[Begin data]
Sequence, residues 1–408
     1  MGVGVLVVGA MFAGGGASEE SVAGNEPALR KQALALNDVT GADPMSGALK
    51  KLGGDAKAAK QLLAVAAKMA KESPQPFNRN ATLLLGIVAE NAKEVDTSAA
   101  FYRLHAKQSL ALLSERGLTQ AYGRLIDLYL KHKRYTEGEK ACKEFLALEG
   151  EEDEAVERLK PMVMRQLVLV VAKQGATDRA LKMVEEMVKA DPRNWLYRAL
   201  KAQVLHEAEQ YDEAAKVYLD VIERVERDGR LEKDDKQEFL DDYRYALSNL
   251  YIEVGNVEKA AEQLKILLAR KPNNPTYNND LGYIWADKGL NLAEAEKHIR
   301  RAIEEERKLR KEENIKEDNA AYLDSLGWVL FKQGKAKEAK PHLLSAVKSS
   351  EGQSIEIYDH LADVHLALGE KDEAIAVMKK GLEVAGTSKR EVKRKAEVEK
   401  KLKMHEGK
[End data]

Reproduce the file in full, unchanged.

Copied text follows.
Sequence, residues 1–408
     1  MGVGVLVVGA MFAGGGASEE SVAGNEPALR KQALALNDVT GADPMSGALK
    51  KLGGDAKAAK QLLAVAAKMA KESPQPFNRN ATLLLGIVAE NAKEVDTSAA
   101  FYRLHAKQSL ALLSERGLTQ AYGRLIDLYL KHKRYTEGEK ACKEFLALEG
   151  EEDEAVERLK PMVMRQLVLV VAKQGATDRA LKMVEEMVKA DPRNWLYRAL
   201  KAQVLHEAEQ YDEAAKVYLD VIERVERDGR LEKDDKQEFL DDYRYALSNL
   251  YIEVGNVEKA AEQLKILLAR KPNNPTYNND LGYIWADKGL NLAEAEKHIR
   301  RAIEEERKLR KEENIKEDNA AYLDSLGWVL FKQGKAKEAK PHLLSAVKSS
   351  EGQSIEIYDH LADVHLALGE KDEAIAVMKK GLEVAGTSKR EVKRKAEVEK
   401  KLKMHEGK